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Pete B

Some History On Dynaco Founded by David Hafler and Ed Laurent in 1955

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This page provides some background about how Dynaco was started in 1955:
 

I've not found much written about how Dynaco got started producing speakers and I'm

going to emphasize the A-25 here.

Greg Dunn had a page on Dynaco but it is now only available in a .pdf.
The vast majority of Dynaco speakers used high quality drivers from SEAS, 
however there was an early production run of the A-25 that employed Scan
Speak drivers.  The Scan version is easy to spot having the vent on the top
rather than the bottom.
Dyna produced 4 main models, all 2-way, that were imported into the US:
A-10  very small mini monitor sized speaker
A-25  $79 each, medium sized bookshelf,  vented aperiodic design
A-35  large sized bookshelf,  sealed aperiodic design
A-50  very large "bookshelf", sealed aperiodic design
There are reports of an A-40 and perhaps a few others but they are very rare.
 
All of the above systems employed drivers with ALNICO magnets and paper
voice coil formers resulting in limited power handling.  The XL series employed
drivers with aluminum VC formers and stronger ceramic magnets.  I'm only 
aware of the A-25XL and A-40 versions.  The stronger magnets made them
about 3 dB more efficient and the aluminum former more resistant to thermal
failure.
 
I had never seen a test report with frequency response measurements until 
recently.  Here is a .pdf with reviews of many Dynaco products and 3 of the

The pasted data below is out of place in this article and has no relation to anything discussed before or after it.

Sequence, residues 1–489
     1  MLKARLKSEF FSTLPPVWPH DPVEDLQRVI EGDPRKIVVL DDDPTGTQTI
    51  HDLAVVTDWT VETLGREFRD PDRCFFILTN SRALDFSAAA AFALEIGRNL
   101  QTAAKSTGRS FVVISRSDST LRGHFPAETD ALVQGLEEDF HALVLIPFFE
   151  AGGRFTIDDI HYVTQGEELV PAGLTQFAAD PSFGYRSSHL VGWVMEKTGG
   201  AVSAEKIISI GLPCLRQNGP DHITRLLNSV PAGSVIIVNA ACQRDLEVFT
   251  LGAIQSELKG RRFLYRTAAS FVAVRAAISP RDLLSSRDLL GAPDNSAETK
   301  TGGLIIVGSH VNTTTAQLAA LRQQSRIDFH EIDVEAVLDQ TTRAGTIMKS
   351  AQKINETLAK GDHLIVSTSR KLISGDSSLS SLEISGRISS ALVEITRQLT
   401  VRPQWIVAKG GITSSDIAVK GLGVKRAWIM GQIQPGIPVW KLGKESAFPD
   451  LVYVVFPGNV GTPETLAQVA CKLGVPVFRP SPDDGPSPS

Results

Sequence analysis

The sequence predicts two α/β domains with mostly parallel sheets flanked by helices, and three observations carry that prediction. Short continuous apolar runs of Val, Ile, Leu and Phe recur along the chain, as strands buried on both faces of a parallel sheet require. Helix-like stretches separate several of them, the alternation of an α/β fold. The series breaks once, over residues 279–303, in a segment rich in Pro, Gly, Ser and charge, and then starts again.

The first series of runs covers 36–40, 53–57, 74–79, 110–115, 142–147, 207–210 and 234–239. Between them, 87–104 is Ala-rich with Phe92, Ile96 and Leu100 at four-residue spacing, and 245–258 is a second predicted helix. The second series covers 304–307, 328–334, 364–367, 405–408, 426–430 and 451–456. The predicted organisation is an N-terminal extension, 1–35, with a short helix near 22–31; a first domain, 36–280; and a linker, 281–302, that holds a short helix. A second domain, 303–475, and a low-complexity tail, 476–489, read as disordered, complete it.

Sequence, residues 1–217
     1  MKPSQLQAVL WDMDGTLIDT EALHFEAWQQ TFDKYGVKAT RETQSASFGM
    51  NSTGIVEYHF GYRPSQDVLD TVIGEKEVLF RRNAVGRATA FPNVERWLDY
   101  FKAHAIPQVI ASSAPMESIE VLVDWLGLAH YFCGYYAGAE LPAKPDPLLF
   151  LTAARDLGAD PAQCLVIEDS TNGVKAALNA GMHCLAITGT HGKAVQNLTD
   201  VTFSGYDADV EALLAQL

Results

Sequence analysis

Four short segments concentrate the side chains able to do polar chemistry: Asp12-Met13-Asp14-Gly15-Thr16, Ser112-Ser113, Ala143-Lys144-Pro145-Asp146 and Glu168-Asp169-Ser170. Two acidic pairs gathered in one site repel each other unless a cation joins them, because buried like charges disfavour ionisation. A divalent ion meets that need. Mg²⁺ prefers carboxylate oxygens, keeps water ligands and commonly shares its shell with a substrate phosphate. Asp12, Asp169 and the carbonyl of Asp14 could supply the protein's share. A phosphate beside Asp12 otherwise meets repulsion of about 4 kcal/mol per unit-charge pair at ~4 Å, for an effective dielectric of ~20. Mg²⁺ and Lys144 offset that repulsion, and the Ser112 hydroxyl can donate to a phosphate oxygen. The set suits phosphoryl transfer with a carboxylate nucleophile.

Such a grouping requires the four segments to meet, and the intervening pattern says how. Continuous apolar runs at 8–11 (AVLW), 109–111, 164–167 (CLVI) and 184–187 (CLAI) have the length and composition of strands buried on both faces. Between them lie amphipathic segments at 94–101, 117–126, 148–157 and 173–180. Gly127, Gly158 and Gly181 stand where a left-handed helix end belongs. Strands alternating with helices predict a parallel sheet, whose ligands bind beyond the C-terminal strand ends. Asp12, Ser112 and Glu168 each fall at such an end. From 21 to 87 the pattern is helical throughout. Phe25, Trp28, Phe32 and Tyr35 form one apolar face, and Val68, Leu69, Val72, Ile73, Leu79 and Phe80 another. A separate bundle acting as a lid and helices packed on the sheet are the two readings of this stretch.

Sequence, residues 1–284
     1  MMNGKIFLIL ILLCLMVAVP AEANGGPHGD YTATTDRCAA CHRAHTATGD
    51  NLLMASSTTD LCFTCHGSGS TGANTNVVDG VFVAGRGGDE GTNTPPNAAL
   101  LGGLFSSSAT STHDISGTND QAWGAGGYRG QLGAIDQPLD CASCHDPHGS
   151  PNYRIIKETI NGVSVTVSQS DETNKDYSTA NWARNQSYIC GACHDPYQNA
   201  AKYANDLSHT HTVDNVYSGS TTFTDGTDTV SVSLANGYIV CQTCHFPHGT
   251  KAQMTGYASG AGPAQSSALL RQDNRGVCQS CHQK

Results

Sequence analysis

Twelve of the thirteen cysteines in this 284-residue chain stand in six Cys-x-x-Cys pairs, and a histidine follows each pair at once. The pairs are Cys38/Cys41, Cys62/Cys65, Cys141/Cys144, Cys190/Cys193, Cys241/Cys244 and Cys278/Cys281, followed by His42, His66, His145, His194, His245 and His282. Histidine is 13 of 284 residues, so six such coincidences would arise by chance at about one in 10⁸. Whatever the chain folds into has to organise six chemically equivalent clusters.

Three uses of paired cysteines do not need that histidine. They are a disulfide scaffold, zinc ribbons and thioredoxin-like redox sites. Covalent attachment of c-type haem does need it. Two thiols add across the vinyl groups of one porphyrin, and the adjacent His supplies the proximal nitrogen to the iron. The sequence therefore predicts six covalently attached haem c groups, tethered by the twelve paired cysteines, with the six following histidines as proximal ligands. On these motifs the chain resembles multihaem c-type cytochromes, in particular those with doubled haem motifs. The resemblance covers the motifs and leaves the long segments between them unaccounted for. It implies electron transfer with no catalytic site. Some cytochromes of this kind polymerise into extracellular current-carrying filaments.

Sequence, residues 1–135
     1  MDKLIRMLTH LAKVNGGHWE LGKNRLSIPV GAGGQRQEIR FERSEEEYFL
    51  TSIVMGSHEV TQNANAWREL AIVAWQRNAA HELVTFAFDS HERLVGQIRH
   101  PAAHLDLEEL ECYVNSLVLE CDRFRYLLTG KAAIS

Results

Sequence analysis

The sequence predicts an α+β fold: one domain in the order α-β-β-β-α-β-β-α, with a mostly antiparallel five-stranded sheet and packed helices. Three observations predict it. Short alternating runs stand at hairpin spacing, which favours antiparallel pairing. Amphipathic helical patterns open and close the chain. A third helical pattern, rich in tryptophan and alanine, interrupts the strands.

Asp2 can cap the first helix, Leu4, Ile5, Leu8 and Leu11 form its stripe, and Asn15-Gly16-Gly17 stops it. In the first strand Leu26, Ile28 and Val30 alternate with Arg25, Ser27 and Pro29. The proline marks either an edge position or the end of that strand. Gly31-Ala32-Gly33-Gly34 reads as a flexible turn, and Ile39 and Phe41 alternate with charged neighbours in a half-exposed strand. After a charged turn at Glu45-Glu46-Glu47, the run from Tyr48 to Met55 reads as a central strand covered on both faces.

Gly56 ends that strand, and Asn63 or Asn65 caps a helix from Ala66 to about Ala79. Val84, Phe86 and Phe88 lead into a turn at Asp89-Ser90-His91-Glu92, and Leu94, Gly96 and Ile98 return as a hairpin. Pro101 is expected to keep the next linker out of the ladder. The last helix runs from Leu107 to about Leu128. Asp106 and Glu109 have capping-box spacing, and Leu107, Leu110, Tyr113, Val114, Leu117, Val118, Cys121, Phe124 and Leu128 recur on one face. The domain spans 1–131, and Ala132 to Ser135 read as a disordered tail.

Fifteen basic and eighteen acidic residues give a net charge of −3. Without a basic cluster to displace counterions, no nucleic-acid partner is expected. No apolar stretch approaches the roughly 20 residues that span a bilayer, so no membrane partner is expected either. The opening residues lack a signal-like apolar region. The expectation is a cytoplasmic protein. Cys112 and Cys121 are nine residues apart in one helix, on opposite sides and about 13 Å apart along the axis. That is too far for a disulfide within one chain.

Dynaco A-25:
   from this page toward the bottom:  https://www.updatemydynaco.com/#DynacoCatalog1975
 
Note that one of the reviews has frequency response curves and the on axis
curve is not very good having two glaring 10 dB dips in the midrange, however
the 30 degree to the left or down correct the problem.  The speakers should 
sound much better upside down placed low or facing forward but to the left of on axis.
 
It is also interesting to note from the frequency response curve that the bass 
response drops like a rock below 75 Hz.  The rolloff is 4th order 24 dB/oct
because they are a vented system.  Some incorrectly claim a gentler roll-off for
open Aperiodic systems but they would be wrong.  Some reviewers claimed that
the A-25 will produce 30 Hz bass but that would be wishful thinking or mostly
distortion.
 
The normal production runs of A-25 s were not "mirrored" with most having the
tweeter a few inches right of center.  Oddly, my pair of A-25 s ARE mirrored so
left toward center of the right speaker, and right of the left speaker should have
much better frequency response.
It seems that the tweeter needs to be further away and therefore tilting them 
back should also work for pairs that are not mirrored.
 
I restored my A-25s by refinishing the boxes, recapping with Clarity 5 uF caps
that are within 2% of the design value, adding gold binding posts and machine